International Task Team on HIV-related Travel Restrictions

khap | 2008.05.27 02:55
The International Task Team on HIV-related Travel Restrictions (Task Team) was established by UNAIDS in the beginning of 2008. The Task Team is an advisory/technical group whose role is to galvanise attention to HIV-related travel restrictions on national, regional and international agendas, calling for and supporting efforts toward their elimination. The principles of non-discrimination and the Greater Involvement of People Living with HIV form the core of the Task Team’s work and provide the context in which its efforts are set. The work of the International Task Team is principally informed by the deliberations of two working groups: the Working Group on Short-term HIV-related Travel Restrictions and the Working Group Long-term HIV-related Travel Restrictions. The Steering Committee is comprised of the Government of Norway and UNAIDS acting as Task Team Co-chairs, the Global Fund, and the Co-chairs of the Working Groups (Short-term: Government of Brazil and Communities Delegation - Global Fund/AIDS Alliance)(Long-term: Government of the Philippines and CARAM Asia). The Task Team is supported by a Secretariat – the International AIDS Society.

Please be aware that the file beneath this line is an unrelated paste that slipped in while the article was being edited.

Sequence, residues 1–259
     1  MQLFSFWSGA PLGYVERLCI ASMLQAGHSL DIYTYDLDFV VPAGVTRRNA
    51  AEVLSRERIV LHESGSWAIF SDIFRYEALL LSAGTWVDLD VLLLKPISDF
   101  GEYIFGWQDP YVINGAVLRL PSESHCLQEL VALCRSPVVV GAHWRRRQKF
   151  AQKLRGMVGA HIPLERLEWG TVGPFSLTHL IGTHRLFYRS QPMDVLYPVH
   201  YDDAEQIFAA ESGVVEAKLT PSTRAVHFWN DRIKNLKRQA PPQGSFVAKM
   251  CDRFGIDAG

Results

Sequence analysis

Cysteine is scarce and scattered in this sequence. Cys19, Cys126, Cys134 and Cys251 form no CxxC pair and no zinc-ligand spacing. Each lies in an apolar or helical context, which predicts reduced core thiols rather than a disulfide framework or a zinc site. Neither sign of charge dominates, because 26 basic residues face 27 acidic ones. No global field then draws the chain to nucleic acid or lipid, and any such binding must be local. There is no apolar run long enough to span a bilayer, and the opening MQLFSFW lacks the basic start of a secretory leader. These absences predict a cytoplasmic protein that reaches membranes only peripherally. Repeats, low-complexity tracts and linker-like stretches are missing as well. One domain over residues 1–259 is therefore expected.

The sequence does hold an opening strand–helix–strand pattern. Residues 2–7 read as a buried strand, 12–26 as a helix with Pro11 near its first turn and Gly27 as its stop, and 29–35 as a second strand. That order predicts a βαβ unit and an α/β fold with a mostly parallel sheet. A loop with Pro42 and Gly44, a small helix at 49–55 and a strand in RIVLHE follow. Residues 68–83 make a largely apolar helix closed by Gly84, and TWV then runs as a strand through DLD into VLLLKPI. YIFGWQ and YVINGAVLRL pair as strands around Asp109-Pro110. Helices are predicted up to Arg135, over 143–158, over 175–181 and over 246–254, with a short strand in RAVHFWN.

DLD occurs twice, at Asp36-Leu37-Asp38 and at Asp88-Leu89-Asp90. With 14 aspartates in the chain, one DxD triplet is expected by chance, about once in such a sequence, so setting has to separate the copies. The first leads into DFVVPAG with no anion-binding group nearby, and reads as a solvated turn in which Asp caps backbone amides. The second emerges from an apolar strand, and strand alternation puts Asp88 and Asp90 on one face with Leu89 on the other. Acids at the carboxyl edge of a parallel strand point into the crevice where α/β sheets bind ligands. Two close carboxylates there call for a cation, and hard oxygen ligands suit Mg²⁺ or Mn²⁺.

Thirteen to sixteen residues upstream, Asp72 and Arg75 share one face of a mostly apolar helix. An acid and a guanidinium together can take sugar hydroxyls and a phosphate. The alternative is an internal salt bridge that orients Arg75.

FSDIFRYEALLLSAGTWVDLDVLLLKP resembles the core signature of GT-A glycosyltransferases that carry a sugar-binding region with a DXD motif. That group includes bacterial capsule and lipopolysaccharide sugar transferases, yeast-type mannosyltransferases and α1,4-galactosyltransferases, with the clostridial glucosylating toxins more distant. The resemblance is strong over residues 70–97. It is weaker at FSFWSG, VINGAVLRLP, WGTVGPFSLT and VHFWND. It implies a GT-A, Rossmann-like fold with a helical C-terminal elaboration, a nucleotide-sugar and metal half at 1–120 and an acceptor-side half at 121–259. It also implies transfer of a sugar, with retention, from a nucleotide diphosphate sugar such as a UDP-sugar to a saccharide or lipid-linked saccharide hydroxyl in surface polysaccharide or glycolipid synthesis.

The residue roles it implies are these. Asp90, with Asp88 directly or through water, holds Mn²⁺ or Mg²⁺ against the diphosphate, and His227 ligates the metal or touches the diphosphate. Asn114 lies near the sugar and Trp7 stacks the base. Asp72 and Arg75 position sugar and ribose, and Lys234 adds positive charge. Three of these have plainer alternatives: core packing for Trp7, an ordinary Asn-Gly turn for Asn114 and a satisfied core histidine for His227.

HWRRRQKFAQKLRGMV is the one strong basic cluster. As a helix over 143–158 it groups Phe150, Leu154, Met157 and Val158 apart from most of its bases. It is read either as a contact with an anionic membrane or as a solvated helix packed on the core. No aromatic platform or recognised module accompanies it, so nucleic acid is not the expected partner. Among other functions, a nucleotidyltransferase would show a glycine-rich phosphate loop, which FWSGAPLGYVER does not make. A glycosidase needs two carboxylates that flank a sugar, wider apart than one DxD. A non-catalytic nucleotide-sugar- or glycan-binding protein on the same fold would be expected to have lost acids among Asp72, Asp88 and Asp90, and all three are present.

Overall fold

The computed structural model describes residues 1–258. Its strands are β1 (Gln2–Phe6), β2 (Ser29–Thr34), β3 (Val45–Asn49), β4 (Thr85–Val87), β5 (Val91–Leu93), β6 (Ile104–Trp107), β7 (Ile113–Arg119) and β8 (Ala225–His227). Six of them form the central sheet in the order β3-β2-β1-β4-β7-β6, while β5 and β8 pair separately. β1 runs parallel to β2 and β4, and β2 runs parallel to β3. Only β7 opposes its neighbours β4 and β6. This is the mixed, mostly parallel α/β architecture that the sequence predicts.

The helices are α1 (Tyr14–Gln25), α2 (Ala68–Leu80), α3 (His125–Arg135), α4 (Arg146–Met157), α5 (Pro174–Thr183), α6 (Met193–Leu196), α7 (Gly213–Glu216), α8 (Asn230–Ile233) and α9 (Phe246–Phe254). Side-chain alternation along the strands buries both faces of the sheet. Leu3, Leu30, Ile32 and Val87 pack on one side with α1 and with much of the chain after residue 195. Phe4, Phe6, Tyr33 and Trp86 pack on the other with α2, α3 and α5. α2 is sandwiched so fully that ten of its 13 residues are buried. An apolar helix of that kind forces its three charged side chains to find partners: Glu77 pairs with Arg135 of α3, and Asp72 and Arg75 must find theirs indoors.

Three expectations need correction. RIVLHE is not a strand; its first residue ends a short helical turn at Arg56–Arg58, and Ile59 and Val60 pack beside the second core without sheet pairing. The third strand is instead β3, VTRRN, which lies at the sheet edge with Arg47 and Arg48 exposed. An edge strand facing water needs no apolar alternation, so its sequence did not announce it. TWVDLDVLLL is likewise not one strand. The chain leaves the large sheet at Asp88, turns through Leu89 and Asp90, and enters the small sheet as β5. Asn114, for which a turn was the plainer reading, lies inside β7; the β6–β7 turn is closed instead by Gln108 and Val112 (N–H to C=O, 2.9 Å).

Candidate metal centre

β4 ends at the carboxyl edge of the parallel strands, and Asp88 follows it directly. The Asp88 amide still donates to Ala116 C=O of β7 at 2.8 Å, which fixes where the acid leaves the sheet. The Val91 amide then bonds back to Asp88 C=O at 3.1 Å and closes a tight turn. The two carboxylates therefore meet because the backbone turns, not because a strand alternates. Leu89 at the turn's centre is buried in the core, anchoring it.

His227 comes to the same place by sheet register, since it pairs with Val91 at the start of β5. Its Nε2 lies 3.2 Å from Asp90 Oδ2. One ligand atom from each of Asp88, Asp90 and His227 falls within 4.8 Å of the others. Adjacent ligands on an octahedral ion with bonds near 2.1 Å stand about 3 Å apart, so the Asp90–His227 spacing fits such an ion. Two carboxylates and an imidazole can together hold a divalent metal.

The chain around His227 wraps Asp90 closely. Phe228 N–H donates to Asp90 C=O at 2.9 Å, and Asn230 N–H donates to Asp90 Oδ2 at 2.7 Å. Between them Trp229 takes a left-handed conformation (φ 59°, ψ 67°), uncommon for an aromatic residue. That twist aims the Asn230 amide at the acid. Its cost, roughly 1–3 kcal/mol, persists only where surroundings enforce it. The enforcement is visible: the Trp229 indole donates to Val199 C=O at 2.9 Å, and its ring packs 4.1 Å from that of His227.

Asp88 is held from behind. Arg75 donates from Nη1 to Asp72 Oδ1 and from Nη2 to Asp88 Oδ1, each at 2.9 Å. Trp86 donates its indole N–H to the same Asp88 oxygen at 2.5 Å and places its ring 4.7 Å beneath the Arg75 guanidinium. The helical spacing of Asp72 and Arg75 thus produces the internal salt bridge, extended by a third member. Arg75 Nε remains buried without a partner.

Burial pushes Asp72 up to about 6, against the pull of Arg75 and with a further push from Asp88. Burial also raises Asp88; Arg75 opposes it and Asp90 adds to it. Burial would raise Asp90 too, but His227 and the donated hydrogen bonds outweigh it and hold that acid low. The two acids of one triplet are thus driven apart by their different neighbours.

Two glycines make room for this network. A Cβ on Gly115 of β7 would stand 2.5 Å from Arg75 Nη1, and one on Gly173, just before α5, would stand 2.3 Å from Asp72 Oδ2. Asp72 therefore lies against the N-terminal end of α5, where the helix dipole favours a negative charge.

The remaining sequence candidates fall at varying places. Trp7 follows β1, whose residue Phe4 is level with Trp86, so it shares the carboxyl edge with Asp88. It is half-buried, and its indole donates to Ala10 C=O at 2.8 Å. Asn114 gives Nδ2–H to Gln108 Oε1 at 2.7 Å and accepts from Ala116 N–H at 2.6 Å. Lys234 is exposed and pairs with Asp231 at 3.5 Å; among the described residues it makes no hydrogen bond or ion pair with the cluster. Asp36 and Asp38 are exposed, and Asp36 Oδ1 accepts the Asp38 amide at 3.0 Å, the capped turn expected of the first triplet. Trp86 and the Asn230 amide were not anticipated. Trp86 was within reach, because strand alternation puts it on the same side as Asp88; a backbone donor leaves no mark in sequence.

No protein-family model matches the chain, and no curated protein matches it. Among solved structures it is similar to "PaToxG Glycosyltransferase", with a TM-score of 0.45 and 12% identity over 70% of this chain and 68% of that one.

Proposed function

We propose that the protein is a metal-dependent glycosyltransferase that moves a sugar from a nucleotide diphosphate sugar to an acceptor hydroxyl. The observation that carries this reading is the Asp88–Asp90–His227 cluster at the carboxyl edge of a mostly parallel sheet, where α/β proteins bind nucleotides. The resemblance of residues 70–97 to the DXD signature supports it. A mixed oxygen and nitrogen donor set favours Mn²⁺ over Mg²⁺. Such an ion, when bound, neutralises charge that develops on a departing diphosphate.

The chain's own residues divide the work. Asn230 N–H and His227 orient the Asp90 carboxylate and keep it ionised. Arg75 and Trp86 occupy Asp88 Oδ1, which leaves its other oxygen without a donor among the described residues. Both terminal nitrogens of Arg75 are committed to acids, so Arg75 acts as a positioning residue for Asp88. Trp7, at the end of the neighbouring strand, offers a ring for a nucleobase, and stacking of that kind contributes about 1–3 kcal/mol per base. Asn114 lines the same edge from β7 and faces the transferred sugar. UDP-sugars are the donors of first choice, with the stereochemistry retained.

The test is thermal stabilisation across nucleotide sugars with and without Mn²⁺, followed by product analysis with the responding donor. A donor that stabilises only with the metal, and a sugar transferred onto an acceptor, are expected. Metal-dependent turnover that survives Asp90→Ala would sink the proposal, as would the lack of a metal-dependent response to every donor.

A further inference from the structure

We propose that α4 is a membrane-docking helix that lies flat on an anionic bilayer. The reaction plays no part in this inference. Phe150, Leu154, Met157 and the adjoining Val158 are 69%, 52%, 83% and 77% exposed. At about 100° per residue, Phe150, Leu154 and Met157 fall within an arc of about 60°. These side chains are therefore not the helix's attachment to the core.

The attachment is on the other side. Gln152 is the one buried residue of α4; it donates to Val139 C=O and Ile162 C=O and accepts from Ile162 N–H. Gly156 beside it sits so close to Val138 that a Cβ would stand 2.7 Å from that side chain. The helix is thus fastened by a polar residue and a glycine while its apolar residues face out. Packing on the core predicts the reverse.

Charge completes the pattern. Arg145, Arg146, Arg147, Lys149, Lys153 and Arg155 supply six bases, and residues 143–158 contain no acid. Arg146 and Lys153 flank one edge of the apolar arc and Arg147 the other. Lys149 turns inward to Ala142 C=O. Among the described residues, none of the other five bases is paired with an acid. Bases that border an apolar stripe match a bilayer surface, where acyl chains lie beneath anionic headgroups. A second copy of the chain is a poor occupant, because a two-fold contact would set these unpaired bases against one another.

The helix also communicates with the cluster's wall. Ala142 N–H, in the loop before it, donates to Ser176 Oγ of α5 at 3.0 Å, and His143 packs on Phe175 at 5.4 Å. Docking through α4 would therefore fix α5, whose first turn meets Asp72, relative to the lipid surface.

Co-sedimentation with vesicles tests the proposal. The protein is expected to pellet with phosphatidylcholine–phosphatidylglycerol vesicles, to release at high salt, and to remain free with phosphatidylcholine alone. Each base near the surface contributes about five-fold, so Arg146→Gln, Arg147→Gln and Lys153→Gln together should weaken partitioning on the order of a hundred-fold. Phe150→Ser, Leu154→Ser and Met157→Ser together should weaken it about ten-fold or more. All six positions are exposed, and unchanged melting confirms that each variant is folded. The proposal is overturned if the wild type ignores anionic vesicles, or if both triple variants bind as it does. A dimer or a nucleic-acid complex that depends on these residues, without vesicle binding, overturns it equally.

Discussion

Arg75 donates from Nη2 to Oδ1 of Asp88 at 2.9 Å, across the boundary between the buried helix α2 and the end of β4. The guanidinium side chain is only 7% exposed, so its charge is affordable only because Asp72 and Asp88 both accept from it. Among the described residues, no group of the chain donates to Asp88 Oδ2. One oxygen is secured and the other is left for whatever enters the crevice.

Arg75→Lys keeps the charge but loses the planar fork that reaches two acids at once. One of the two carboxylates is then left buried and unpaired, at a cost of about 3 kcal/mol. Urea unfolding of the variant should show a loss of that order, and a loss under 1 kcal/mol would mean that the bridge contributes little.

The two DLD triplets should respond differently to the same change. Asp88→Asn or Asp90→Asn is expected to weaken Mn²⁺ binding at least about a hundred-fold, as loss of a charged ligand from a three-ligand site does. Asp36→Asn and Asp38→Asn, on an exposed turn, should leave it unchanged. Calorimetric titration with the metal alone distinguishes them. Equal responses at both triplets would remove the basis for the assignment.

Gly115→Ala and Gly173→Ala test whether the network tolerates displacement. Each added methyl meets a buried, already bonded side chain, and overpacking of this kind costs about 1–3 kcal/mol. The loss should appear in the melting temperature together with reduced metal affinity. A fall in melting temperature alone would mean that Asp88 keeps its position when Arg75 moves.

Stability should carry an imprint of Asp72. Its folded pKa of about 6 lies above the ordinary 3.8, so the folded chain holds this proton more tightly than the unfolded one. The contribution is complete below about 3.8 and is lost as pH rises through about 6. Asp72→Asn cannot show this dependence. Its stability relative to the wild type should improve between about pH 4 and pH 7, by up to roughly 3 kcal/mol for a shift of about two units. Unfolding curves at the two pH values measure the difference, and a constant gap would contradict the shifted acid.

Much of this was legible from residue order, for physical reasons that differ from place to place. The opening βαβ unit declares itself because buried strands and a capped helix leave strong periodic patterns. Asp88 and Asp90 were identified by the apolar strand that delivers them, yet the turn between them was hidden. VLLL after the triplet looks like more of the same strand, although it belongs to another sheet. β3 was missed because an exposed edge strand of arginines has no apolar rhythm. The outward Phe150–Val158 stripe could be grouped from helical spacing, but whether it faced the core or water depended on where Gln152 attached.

The Task Team is comprised of representatives of governments, inter-governmental organizations and civil society, including the private sector and networks of people living with HIV. Task Team members have experience and expertise in national responses to HIV, HIV-related advocacy and law, migration, and the human rights of people living with HIV. Members of the Task Team, many of whom have been working in isolation on the elimination of HIV travel restrictions, have welcomed the establishment of the Task Team and see momentum building on the issue. (See list of governments and organizations represented on final page).

As of 23 April 2008, the Task Team has established an e-workspace, met twice, and held smaller teleconferences, to consider the various issues involved in HIV-related travel restrictions and steps that might be taken to move toward their elimination.

There appear to be 74 countries that impose some form of HIV-specific travel restrictions on people wishing to enter or remain in a country for a short stay, such as business, personal visits or tourism, or for longer periods, such as for labour migration, employment, asylum or refugee resettlement or study. Of these, 13 countries ban HIV positive people from entering for any reason or for any length of time. Seventy-two countries have no travel restrictions. For some 22 countries, the information is contradictory, and for 27 countries, there is no information.

In terms of largest impact, travel restrictions appear to be felt most by labour migrants who either do not know they are positive, and at the last minute, are excluded or deported on arrival, or go to a host country uninfected, and are deported when they become infected, often without confidentiality and into situations of discrimination and economic hardship. The most visible impact is when HIV positive people are denied entry into countries where major conferences on HIV are being held, against the principle of the greater involvement of people living with HIV in the response to AIDS.

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